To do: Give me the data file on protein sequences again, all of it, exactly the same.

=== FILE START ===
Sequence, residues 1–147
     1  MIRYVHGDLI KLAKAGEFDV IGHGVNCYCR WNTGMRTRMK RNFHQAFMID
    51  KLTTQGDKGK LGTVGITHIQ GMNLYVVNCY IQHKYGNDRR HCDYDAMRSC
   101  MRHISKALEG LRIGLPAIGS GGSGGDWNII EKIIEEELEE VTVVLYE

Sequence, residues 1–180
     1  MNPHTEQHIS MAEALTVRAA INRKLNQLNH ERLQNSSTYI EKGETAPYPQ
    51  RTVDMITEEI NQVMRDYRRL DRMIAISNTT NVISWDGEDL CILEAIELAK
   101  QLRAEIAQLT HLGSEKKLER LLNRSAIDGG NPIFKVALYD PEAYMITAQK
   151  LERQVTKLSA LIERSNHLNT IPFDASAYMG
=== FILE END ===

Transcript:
Sequence, residues 1–147
     1  MIRYVHGDLI KLAKAGEFDV IGHGVNCYCR WNTGMRTRMK RNFHQAFMID
    51  KLTTQGDKGK LGTVGITHIQ GMNLYVVNCY IQHKYGNDRR HCDYDAMRSC
   101  MRHISKALEG LRIGLPAIGS GGSGGDWNII EKIIEEELEE VTVVLYE

Sequence, residues 1–180
     1  MNPHTEQHIS MAEALTVRAA INRKLNQLNH ERLQNSSTYI EKGETAPYPQ
    51  RTVDMITEEI NQVMRDYRRL DRMIAISNTT NVISWDGEDL CILEAIELAK
   101  QLRAEIAQLT HLGSEKKLER LLNRSAIDGG NPIFKVALYD PEAYMITAQK
   151  LERQVTKLSA LIERSNHLNT IPFDASAYMG